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____ Thursday December 17, 2015 ____

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Distracted Driving

New report will lead to creation of national plan to combat distracted driving

Guelph - Yesterday, the Traffic Injury Research Foundation (TIRF) and The Co-operators released Distracted Driving in Canada: Making Progress, Taking Action, a report that provides a snapshot of activities underway in Canada to reduce distracted driving. Based on an environmental scan TIRF completed in partnership with Drop It and Drive (D.I.A.D.) earlier this year, it identifies the need for a national action plan to combat the problem and recommends the creation of a National Working Group on Distracted Driving that can work with a diverse set of stakeholders to develop such a strategy. In the months ahead, TIRF will take the lead on creating the working group, with the ongoing support of The Co-operators.

The report contains the results of an environmental scan and compiles statistics, recent initiatives and lessons learned about distracted driving strategies throughout the country, to establish a solid foundation upon which future activities may be planned and coordinated. It examines five main areas of focus: provincial and territorial government approaches to understanding and addressing the issue; enforcement strategies and outcomes; data collection and measurement; education and awareness campaigns; and legislation.

"The rapid pace of activity in response to this issue is unprecedented. Work is being undertaken on multiple fronts, both across jurisdictions and across sectors, to increase knowledge, track outcomes and identify solutions," said Robyn Robertson, president and CEO of TIRF. "Increased coordination and sharing of these activities can help to maximize the results of our collective efforts."

The report revealed that a primary emphasis was placed on improving data collection, and raising awareness and educating Canadians about distracted driving. In addition, there was a high level of coordination of activities within individual jurisdictions. Nevertheless, the problem of distracted driving persists. In fact, the research revealed that distracted driving is a significant contributor to crashes that is comparable to impaired driving in several jurisdictions.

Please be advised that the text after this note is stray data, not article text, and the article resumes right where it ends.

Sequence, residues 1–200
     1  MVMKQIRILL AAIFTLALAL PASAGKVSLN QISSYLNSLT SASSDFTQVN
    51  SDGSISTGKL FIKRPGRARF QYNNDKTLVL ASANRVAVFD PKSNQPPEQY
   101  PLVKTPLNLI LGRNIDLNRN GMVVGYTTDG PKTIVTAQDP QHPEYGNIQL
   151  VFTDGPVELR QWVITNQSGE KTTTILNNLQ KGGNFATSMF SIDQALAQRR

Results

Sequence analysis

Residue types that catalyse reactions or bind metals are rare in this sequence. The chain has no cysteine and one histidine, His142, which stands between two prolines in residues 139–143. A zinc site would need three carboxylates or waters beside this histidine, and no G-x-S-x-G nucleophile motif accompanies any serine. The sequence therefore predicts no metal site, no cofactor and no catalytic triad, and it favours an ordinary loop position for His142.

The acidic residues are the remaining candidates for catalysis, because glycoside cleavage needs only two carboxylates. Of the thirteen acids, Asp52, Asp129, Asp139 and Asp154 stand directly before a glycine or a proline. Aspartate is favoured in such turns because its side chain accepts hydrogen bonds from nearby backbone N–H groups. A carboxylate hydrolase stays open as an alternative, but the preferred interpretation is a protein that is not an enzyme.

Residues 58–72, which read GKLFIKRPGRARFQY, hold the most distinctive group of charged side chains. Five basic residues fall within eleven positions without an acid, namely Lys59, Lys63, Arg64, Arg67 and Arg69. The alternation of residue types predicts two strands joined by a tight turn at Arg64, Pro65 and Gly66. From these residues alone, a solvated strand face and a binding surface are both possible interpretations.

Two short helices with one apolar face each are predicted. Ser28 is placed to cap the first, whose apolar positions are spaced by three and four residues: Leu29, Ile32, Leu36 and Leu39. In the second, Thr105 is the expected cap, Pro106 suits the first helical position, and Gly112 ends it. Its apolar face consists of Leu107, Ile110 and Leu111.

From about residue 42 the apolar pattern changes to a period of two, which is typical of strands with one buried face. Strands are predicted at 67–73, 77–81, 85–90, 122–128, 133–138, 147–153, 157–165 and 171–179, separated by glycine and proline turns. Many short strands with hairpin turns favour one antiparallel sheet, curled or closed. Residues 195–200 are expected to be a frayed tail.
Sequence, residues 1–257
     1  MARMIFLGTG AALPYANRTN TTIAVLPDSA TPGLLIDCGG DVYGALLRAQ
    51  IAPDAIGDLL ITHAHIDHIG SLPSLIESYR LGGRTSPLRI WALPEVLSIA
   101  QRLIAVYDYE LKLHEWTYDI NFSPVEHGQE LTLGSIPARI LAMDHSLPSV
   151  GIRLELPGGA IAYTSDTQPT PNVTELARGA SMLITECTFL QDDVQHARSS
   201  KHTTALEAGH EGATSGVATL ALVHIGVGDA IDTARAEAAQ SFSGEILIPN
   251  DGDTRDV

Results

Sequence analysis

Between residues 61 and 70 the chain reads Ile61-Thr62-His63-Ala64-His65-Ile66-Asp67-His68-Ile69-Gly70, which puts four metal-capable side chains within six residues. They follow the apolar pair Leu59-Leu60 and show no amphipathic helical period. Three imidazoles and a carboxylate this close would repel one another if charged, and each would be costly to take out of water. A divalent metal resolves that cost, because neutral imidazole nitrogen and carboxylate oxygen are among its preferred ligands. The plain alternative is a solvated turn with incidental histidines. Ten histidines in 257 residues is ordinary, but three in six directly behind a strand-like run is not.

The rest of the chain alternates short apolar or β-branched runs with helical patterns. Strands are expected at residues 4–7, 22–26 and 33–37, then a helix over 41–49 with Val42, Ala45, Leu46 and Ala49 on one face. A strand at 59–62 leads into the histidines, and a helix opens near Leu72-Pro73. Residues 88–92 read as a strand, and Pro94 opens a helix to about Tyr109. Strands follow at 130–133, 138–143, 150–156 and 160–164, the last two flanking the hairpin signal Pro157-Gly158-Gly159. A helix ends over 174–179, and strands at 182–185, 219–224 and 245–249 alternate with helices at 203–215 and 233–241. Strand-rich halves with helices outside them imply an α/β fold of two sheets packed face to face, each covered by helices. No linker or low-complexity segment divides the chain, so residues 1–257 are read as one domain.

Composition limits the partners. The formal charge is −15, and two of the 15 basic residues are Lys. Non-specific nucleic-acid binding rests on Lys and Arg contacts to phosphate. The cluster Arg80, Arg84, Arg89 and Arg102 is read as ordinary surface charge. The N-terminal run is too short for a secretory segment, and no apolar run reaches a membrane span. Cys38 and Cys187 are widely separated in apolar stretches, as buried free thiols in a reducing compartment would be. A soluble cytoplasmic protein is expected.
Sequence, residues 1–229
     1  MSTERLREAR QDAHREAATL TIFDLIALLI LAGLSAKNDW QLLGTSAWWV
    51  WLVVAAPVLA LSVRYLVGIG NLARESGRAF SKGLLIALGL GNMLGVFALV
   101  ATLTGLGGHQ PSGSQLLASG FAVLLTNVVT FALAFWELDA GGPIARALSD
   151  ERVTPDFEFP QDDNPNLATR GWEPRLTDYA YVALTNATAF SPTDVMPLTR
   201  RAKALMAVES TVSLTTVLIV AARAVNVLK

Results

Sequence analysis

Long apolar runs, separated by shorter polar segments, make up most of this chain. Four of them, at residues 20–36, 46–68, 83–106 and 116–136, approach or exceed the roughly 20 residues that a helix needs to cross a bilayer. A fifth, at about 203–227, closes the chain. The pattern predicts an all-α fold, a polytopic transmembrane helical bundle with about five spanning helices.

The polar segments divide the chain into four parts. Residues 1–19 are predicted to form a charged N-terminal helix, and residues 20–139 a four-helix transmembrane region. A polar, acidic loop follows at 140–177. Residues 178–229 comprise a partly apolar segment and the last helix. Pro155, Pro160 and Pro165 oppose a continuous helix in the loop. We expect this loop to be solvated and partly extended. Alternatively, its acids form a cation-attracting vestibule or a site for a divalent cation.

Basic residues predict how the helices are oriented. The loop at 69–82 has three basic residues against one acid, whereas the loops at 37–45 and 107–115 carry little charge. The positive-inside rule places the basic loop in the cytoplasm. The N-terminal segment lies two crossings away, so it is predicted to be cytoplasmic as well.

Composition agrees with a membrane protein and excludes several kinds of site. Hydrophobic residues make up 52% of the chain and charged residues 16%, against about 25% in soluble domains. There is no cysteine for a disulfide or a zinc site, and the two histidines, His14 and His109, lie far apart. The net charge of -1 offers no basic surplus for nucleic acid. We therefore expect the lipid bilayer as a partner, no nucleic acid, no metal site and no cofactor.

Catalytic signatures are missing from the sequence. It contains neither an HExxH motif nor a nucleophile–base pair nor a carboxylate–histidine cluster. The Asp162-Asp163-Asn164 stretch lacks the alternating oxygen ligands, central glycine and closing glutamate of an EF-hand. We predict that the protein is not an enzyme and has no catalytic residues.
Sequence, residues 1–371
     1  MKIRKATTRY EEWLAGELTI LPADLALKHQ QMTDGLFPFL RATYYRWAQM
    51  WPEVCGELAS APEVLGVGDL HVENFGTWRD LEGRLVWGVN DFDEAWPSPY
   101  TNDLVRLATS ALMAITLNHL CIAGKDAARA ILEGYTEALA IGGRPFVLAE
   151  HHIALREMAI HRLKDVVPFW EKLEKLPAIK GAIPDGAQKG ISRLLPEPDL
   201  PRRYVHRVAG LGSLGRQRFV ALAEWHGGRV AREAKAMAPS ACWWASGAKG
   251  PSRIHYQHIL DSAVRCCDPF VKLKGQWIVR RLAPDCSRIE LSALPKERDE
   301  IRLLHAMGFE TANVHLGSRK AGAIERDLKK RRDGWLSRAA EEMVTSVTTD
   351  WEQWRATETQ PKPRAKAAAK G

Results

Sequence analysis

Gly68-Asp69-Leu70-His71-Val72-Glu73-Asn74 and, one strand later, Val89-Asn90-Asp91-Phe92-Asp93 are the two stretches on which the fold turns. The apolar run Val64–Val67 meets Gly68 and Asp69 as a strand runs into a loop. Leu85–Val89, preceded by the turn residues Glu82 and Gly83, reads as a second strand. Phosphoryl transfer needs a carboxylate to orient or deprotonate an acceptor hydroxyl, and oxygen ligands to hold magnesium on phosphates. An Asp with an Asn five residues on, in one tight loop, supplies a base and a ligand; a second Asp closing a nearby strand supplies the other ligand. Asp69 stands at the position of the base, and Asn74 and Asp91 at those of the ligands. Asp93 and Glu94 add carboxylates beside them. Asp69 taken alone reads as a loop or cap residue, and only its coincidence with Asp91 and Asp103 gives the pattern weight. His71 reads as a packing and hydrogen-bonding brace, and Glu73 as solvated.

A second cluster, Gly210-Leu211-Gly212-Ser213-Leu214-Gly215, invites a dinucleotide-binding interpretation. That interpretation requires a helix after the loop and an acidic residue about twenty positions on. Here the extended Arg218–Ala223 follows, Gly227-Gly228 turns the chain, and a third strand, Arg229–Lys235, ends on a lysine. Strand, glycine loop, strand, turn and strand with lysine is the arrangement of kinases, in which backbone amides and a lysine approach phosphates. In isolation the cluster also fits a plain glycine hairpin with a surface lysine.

The report concluded that distracted driving is widely considered a top priority by provincial and territorial governments across the country, which have implemented a number of measures to begin to address the problem. Researchers, non-profit organizations, industry professionals and media are equally engaged and working to strengthen efforts using complementary approaches. Yet there is a gap in specific mechanisms to facilitate coordination across groups of stakeholders, and efficient exchange of information and outcomes at the national level.

"Because distracted driving is still an emerging issue, and one that falls under provincial jurisdiction, bringing together stakeholders to help develop a strategic plan at a national level will be very valuable work," said Kathy Bardswick, president and CEO of The Co-operators. "The information in this report will serve as a resource for the National Working Group on Distracted Driving as well as decision-makers across the country who share our concern for road safety."

TIRF will be working closely with D.I.A.D. in early 2016 to form the National Working Group and engage its members in the development of a national action plan.

Distracted Driving in Canada: Making Progress, Taking Action is based on information collected from a broad cross-section of stakeholders from all three levels of government, police departments, insurance companies, health care institutions, non-governmental, academic and community organizations.

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